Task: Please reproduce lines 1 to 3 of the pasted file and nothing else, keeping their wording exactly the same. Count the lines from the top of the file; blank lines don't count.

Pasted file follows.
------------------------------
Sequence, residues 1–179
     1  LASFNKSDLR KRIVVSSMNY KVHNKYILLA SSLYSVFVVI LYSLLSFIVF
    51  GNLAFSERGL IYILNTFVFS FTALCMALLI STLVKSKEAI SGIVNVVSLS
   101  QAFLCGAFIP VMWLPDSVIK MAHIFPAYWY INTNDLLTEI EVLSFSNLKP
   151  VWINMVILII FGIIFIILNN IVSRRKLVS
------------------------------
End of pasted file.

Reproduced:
Sequence, residues 1–179
     1  LASFNKSDLR KRIVVSSMNY KVHNKYILLA SSLYSVFVVI LYSLLSFIVF
    51  GNLAFSERGL IYILNTFVFS FTALCMALLI STLVKSKEAI SGIVNVVSLS